Each summer, Baylor Missions sends students across the nation and around the world to use their talents and skills to spread God’s message.
Over the past year, Baylor University sent 38 teams consisting of 403 students, 72 faculty and staff, and 18 guests to 15 countries, including the United States, on mission trips that aided in building community development, helped in hospitals, encouraged community education and constructed solar-powered battery charging stations, to name a few.
"The purpose of Baylor Missions is to shape Baylor's faithful engagement with Waco and the world by creating intentional opportunities to integrate faith, learning and service within a broad worldview," said Holly Tate, assistant director for missions. "In fulfillment of its mission, Baylor Missions seeks to educate students about vocation as mission, Christian responsibility and the practice of intentionality. We help students practice intentionality within the context of their mission experiences, apply the practice of Christian responsibility to their mission experiences and discuss the concept of vocation as calling."
Mission destinations are often long-term partners with Baylor and can be non-governmental organizations, churches, missions and development organizations, as well as other Christian universities, Tate said. Each year, Baylor looks to expand its missional reach by increasing its global partnerships to add new destinations and send more students abroad.
Baylor Missions has a goal of more than 700 students participating annually by 2018 "to serve others through their areas of academic interest and to discern their calling," Tate said. Eventually, the university is planning for a future when 1,000 students travel with Baylor Missions each year. The university is committed to raising $20 million in endowed funds for Baylor Missions to support this work and students who could otherwise not participate in these life-changing experiences.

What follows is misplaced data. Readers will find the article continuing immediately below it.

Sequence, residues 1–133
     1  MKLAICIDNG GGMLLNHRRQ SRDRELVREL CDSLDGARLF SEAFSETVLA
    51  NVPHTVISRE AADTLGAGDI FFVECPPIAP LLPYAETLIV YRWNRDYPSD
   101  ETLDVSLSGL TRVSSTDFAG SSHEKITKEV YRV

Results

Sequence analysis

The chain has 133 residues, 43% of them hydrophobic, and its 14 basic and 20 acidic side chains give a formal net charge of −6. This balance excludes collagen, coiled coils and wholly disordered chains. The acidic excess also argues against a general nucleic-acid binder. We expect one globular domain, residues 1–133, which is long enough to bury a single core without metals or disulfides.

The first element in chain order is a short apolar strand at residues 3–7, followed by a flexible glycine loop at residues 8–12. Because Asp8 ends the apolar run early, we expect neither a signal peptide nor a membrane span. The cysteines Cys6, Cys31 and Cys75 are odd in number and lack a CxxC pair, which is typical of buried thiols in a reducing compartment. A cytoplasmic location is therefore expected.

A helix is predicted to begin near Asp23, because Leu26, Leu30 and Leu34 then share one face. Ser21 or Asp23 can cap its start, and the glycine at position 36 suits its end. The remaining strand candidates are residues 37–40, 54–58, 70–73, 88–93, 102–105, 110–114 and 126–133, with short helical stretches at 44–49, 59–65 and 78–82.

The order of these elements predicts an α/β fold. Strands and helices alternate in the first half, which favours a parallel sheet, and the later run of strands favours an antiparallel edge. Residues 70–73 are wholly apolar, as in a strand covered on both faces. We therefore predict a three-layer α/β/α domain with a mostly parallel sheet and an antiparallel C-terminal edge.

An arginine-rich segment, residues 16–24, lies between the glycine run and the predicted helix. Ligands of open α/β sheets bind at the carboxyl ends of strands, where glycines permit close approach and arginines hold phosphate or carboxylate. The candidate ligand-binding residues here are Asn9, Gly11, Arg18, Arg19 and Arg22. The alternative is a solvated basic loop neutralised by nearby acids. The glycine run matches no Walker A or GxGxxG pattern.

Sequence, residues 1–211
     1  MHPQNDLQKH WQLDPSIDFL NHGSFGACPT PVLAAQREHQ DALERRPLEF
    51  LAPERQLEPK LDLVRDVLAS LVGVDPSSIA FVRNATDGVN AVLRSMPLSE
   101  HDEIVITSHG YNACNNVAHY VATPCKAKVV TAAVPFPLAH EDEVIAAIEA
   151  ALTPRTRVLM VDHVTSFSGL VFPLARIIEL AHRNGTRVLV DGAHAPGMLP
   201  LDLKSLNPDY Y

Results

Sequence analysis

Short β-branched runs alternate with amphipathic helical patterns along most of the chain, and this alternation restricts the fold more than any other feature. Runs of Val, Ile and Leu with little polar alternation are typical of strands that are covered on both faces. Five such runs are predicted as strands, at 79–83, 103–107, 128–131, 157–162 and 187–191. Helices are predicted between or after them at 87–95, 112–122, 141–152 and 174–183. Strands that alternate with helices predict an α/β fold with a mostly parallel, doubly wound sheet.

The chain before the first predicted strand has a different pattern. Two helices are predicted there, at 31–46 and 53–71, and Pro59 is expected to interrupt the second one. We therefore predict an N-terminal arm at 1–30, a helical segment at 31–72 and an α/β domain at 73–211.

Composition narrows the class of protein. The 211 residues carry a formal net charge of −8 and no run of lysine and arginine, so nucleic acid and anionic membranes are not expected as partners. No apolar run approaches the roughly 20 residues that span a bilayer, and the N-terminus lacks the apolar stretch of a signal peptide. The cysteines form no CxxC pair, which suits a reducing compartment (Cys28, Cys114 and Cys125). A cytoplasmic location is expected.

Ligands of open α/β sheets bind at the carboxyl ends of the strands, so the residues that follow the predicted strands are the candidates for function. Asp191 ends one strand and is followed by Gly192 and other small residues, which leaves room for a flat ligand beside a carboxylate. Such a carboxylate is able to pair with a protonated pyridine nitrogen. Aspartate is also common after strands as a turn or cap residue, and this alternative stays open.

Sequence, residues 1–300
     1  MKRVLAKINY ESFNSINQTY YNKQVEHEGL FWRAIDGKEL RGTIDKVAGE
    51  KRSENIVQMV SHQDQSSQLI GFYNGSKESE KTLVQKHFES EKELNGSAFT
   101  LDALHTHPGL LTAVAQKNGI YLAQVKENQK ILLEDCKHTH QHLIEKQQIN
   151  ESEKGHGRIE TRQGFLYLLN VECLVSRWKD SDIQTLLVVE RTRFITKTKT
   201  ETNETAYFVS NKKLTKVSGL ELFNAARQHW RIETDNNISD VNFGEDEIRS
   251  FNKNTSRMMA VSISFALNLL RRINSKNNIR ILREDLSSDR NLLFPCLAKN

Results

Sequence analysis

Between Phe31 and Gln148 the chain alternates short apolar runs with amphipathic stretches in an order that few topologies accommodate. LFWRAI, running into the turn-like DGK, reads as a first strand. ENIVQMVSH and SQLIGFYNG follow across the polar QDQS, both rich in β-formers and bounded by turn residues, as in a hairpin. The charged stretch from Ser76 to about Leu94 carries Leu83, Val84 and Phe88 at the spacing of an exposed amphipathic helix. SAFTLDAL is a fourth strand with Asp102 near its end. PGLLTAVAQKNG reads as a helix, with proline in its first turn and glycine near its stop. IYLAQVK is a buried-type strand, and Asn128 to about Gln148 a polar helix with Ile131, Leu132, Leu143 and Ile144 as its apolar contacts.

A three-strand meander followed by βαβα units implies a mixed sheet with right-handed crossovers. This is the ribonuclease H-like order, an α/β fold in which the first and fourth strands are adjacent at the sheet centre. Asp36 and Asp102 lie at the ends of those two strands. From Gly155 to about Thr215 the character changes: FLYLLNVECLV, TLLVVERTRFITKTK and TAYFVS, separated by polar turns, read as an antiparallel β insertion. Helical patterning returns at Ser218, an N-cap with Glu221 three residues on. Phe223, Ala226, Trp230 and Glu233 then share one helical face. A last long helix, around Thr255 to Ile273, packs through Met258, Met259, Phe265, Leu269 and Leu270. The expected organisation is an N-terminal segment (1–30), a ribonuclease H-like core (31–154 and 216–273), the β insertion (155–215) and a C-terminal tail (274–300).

Baylor's many discipline-specific mission trips offer opportunities for students to see how their majors and eventual professions can positively impact the lives of others.
"I never quite understood why God directed my path into the world of accounting when my heart told me I wanted to see my life clearly impact His kingdom through my career," said Jenna Fischer, an accounting graduate student who was part of Baylor's Uganda Accounting mission trip. "I am so blessed to say that God showed me that my calling to go into accounting allows Him to use me in parts of the world in need of basic business skills, decision-making tools and simply someone to partner with them on their journey through the joys and hardships of life."
In addition, the variety of domestic and international mission trips gives students a chance to experience cultures and lifestyles different from, and often surprisingly similar to, their own.
"My main takeaway after visiting the Rio Grande on this trip is that I should not let where someone was born and their nationality determine whether or not I love them," said Alexandra Holland, a senior majoring in social work who was part of the Laredo Social Work Human Trafficking mission trip. "Instead, God wants us to love everyone as He has loved us, regardless of nationality, culture, language, etc. I am more committed than ever to improving our immigration system."
To learn more about discipline-specific mission experiences visit baylor.edu/missions.